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Epic Stories
Book Two: Red Storm Rising Excerpt
The Sons of Mars

She was awakened by her son tugging at the bed sheets, saying, “Someone’s at the door, Mommy!” Her heart crawled into her throat and she lunged through the small cottage, groping at the door, imagining his smiling face, lavender eyes, the beautiful laughter. Yet she opened it not to her husband, but three Roman soldiers standing in the rain, helmets crooked on their heads. One of them stepped forward, knelt before her; she looked beyond them, saw three horses tied to the fence-posts, manes and hides dripping with rainwater. Lightning traced the sky and thunder shook the cottage as the man handed her something large; she accepted it, her son hiding behind her, looking at the strange men in interesting clothing. She took it, a ball threading her throat, and when she turned, the boy saw she held a Roman shield, the calfskin over the plywood torn in places with deep groove marks, the edges of the tears stained a crimson red. The three men before the door retreated to their horses, mounted, and disappeared in a rolling suave of thunder.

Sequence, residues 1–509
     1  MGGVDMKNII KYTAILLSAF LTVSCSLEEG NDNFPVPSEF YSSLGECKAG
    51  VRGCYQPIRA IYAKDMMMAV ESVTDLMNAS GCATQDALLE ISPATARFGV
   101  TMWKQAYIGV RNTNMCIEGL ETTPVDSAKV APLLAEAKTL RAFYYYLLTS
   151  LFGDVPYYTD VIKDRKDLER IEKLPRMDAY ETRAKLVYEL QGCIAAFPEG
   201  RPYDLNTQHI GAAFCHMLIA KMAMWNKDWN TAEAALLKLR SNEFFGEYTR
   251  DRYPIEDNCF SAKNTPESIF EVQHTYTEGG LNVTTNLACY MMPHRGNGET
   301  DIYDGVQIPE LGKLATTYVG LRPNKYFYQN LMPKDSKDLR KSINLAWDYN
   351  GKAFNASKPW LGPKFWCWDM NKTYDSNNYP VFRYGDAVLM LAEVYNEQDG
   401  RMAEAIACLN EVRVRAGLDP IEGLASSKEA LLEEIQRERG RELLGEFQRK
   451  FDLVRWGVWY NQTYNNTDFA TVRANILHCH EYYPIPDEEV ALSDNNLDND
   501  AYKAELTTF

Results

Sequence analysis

The boy stood in the shadows, watching as his mother fell into a chair beside the kitchen, gripping the shield against her chest. She breathed deeply, the shield moving up and down atop of her, and then she bowed her head, long hair falling around her; her chest heaved harder and tears speckled the calfskin, mixing with the raindrops that had soaked it on its passage to its true home. She ran her hands over the calfskin and let the shield slide to her feet, hitting the floor, and falling over. The young boy stared at it, disbelieving, knowing what it meant. His mother looked at the shield and cried in a hoarse whisper, “I told you to come home with this shield or upon it… And yet you are nowhere to be found.” She imagined him lying amidst a pile of burnt bones covered with dirt, or as a bare skeleton lost amidst the towering trees of the Gallic forests. The thought of never seeing him again sent her to the floor, where she lay the rest of the night, crying; and the boy never made a sound.